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  • Emma Diercks

Let's Talk About Wayfair

Many of you heard about Wayfair and accusations that they are trafficking children through items listed at inflated prices over the weekend. I should note that the allegation was not based on police reports, firsthand accounts, financial records or in-depth investigative reporting.

The Reddit poster also noted that the products carried the names of children who have gone missing. According to the National Center for Missing and Exploited Children, roughly 800,000 children are reported missing each year in the United States -- that's approximately 2,000 per day.

In a statement to Newsweek, Wayfair denied the allegations. They further said that the cabinets were industrial grade and accurately priced.

When I first heard this accusation against Wayfair and read its statement, my initial thought was that people should NOT be spreading around rumors like this. Human trafficking is a super serious crime. It's one thing to privately call the Human Trafficking Hotline (1-888-373-7888) if you have a suspicion, it's another to make highly public claims.

But then I thought, what if public outcry is the only way to spark an investigation. Then again, if not true, Wayfair's name is smeared, virtually forever. It's a fine line to walk.

Finally, I want to share this statement from Love 146, because I think it is the most effective response for change that I have seen.

Love 146 noted that the accusations against Wayfair and child trafficking are currently unfounded.

But this is what they do know. At the end of the day, when you shop for fast, affordable, mass-produced clothing and homewares, the likelihood you're supporting exploitation is HIGH. It is not likely people are making a living wage in appropriate conditions throughout the supply chain. It makes those who made products more vulnerable, at best. This isn't a blanket statement about Wayfair or any retailer. If you want to be vigilant about child trafficking, ethical shopping is a great thing to research. It goes much deeper than this weekend's suspicions.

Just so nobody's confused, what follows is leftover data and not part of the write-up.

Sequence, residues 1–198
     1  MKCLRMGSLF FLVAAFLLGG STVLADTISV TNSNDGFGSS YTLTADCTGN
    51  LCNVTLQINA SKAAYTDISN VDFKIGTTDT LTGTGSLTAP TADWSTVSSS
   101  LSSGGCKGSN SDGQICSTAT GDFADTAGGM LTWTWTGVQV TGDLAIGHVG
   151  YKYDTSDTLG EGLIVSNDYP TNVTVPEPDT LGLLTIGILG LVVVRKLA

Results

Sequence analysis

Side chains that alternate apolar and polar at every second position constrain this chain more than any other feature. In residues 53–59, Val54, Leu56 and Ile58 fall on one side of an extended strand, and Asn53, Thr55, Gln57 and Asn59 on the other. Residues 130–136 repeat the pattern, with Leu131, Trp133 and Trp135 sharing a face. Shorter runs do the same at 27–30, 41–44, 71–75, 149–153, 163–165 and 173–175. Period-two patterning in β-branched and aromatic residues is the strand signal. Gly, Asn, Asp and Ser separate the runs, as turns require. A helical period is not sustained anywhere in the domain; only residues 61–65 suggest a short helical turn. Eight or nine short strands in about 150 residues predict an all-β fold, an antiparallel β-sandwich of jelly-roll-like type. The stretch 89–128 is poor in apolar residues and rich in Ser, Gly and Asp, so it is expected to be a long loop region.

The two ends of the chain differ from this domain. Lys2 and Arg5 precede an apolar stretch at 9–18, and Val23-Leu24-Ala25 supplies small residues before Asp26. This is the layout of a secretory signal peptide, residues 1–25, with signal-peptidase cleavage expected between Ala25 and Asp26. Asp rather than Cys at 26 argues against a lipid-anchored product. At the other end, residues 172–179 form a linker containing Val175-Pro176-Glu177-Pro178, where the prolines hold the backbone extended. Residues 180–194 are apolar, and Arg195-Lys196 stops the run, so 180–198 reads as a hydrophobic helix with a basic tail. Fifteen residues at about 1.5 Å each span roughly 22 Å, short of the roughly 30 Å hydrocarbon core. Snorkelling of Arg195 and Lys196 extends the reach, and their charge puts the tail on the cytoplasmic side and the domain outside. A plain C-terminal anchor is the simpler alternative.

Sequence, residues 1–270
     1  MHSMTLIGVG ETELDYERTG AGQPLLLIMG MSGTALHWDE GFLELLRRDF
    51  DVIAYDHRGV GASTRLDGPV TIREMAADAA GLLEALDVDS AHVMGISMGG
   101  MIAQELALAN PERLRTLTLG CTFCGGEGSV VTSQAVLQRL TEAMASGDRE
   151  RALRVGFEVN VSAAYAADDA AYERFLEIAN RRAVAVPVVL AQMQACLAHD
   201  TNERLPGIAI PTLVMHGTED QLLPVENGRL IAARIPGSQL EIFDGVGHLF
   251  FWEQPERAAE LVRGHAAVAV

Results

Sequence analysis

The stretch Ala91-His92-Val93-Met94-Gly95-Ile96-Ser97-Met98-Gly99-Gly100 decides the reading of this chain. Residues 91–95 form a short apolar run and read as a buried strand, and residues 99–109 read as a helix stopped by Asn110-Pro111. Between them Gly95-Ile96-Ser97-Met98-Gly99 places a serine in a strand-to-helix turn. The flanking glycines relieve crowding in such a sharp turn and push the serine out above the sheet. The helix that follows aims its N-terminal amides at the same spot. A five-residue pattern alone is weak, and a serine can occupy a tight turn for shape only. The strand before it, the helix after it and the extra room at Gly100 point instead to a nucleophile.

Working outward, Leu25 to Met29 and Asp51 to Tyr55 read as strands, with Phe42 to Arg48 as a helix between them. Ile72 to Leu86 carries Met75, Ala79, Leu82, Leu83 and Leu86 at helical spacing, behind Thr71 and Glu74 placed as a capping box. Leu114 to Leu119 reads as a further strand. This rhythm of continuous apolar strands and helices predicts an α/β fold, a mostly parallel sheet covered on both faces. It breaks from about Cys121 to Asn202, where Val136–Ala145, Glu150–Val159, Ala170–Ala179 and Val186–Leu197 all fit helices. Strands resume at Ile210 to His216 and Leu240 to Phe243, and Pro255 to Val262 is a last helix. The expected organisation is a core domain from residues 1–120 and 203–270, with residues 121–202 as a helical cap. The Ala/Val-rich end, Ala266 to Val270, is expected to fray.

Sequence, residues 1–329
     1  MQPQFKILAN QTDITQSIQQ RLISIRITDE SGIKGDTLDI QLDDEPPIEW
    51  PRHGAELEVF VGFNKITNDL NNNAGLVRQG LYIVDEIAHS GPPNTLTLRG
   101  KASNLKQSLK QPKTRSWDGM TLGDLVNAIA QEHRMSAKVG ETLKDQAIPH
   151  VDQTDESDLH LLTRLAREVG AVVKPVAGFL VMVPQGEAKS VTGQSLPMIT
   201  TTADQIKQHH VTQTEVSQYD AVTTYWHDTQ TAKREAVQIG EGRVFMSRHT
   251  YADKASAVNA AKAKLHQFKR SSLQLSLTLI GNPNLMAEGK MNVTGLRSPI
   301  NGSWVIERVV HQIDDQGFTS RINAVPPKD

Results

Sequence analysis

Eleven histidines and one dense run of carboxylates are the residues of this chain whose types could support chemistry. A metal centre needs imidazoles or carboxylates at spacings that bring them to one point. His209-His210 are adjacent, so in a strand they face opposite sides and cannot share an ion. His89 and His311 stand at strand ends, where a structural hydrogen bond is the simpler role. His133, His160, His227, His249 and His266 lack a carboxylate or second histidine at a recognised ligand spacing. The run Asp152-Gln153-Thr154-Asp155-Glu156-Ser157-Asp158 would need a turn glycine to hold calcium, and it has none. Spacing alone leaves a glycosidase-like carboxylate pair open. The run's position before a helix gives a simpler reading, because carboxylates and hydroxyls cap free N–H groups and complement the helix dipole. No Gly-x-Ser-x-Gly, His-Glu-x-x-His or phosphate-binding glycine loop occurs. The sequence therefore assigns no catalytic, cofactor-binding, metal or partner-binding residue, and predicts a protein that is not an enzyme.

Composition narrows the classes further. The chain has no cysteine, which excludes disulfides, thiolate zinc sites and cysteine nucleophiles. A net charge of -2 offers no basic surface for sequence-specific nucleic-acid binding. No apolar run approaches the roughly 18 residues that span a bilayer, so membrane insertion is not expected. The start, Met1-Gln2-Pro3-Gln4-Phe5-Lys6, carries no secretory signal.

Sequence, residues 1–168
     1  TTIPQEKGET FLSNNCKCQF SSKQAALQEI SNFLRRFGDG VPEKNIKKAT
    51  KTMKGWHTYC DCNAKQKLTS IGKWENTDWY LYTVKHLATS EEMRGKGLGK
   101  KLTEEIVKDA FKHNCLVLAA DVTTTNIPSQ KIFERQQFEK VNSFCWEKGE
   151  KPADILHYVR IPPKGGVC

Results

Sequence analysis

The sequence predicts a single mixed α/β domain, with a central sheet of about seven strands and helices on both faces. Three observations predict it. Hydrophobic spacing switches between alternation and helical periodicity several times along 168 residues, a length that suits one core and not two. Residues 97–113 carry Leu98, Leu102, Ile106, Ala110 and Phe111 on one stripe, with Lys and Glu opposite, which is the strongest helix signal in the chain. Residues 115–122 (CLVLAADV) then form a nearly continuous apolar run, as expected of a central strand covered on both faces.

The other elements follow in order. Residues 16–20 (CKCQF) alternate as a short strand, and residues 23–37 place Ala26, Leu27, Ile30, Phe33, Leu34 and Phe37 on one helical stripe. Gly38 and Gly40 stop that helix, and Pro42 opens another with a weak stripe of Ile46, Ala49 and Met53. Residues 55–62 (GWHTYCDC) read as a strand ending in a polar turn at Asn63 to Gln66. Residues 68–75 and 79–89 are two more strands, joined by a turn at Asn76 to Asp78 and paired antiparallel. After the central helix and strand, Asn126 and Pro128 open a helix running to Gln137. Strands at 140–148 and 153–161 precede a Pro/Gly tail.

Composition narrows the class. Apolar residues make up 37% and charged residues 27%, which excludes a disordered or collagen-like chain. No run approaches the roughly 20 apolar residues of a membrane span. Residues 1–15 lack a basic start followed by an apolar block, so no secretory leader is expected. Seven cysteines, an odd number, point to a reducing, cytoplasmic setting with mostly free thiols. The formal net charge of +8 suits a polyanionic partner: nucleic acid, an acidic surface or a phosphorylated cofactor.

Love 146 says if news about Wayfair stirred you up this weekend, know that your concern and heart to stop child trafficking is essential! And what we all need is to persevere tomorrow and the next day in doing what we can to make a safer world for children.

What if we all asked questions about the story behind every produce on Wayfair? What if we asked questions like this about why people who ARE caught purchasing children for sex too frequently do not face the consequences? Why in dozens of US states are children still being treated as criminals for being trafficked? What if we asked why black and brown children are trafficked at much higher rates.

What if these questions, with mountains of evidence, were trending next weekend?

I challenge each of you to visit love146.org or polarisproject.org and share and flood Facebook, Twitter and Instagram with facts. Let's hashtag human trafficking awareness and let people know this IS a real issue worldwide.

Dressember also responded and made a call to action to commit your finances and time to educate yourself about ethical and sustainable fashion and products. When making purchases ask, "Was this product made by an adult? Did the person making this receive a living wage in healthy conditions?" Look at your closet. Can you pick out each item and confirm that the answer to those two questions is yes?

Human trafficking involved products are not typically going to be as blatant as overpriced cabinets with disturbing names. We should question EVERY product when it comes to consumption to enact change.

Yes, to be a conscious consumer takes hard work and commitment, but knowing that you are not contributing to the cycle of human trafficking makes it so worth it!

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